It’s really early for Rubi, especially given that she couldn’t tear herself away from the Olympic Opening Ceremonies, which ran until nearly 2:00 a.m. local time. But there’s the problem — there are still lots of images rolling around in her brain that need processing.

There are the dark, Satanic mills.

“Where there’s muck, there’s brass.”

There’s the really scary giant baby puppet.

NHS: Nightmarish Hallucination Service?

And there’s this.

In Soviet Russia, … oh, forget it.

On the positive side, they were free. On the negative side, you get what you pay for.

Leaving to one side all the jokes about being what matadores wear when they’re moonlighting at McDonalds, or El Pollo Loco, or at the Doritos booth at the trade fair, these just make my heart hurt.

The Spanish Olympic Committee points out that getting these incredibly ugly duds for free from Russian sportswear manufacturer Bosco (not to be confused with the chocolate syrup company, who’d never have screwed up this badly) saved something like $2 million. They are adamant that in these massively straightened times, they did a good thing.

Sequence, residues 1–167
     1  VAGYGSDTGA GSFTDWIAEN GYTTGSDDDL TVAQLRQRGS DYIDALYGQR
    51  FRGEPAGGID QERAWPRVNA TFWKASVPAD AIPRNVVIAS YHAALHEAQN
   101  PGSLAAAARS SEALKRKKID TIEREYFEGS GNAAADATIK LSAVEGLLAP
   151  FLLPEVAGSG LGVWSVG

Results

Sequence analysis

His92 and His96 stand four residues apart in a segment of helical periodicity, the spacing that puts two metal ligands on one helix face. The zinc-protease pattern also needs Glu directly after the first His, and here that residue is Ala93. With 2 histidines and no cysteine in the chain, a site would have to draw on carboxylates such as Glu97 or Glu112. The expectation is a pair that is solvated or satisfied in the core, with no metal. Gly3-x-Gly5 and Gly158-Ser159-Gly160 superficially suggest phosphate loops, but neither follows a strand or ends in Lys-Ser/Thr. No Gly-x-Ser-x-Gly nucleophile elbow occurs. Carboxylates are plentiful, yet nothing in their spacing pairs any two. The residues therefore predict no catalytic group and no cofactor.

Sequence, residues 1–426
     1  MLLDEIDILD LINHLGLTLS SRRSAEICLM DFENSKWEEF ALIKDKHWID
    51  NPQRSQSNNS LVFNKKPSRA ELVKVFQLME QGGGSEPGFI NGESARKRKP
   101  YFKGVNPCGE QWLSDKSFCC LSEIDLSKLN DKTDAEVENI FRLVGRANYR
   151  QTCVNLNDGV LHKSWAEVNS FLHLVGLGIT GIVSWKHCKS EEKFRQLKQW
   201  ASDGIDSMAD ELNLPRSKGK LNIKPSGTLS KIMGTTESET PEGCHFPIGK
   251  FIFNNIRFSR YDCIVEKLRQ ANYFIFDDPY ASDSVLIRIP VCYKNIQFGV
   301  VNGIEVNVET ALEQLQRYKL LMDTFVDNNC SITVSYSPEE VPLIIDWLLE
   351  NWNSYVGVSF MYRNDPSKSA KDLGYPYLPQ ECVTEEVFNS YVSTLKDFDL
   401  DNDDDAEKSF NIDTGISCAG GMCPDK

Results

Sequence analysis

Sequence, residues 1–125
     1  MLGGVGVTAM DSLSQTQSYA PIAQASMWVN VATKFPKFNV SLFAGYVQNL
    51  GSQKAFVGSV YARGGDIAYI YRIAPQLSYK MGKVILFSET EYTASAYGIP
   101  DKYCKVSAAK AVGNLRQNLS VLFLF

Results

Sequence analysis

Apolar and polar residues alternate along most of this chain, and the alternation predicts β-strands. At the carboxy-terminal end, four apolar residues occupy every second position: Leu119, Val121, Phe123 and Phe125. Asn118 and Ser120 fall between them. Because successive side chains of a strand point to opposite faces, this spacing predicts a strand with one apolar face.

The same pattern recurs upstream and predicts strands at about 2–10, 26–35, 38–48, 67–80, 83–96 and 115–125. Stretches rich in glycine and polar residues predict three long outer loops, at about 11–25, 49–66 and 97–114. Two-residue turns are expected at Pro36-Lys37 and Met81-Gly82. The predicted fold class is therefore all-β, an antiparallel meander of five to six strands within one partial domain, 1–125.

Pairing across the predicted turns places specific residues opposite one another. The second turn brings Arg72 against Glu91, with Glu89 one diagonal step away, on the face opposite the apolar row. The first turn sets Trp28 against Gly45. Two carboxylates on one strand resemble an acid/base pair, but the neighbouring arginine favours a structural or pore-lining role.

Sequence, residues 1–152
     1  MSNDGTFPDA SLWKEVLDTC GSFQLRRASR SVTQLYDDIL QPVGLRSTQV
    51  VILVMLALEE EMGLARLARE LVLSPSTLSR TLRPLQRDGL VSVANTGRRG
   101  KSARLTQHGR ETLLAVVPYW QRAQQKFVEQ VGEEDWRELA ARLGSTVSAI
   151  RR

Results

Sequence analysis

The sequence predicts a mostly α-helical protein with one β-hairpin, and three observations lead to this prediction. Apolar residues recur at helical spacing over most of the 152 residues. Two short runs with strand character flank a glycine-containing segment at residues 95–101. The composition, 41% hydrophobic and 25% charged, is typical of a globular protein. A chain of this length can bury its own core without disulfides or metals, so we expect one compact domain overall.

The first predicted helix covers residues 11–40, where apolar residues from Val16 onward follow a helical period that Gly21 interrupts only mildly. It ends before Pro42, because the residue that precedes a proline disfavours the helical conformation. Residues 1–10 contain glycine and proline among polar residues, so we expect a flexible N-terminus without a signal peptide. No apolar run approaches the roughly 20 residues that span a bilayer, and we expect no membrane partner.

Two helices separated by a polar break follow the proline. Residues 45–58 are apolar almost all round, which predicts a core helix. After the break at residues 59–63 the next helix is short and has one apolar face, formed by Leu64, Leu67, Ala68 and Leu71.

It’s hard to understand how they couldn’t look any further than the price tag. Spain is a very well turned-out nation. This is the country that produced Fortuny, Balenciaga, and Blahnik. Adolfo Dominguez. Agatha Ruiz de la Prada, for crying out loud. It also gave you Zara and its enormous family of brands. (De nada.) I cannot believe that there wasn’t a single Spanish design firm that wouldn’t have been willing to produce something more fitting, more authentically Spanish, and less soul-killingly vile. If cost was that much of an issue, they could have put it to public subscription. I think if Spaniards had been warned that this was the alternative, they’d have dug deep. They’re a generous people, with a strong sense of vergüenza.

What’s even worse, though, is the effect that ugly clothes can have on athletic performance. I’m not kidding. As UK gold-medalist Sir Chris Hoy commented when shown the team kit, designed by Stella McCartney,  “It’s very important that you feel confident in your kit and you feel good in it because you don’t want to be thinking about it when you’re competing.” How must the Spanish Olympians be feeling right now?

No llores, guapo.

I think that pretty much sums it up.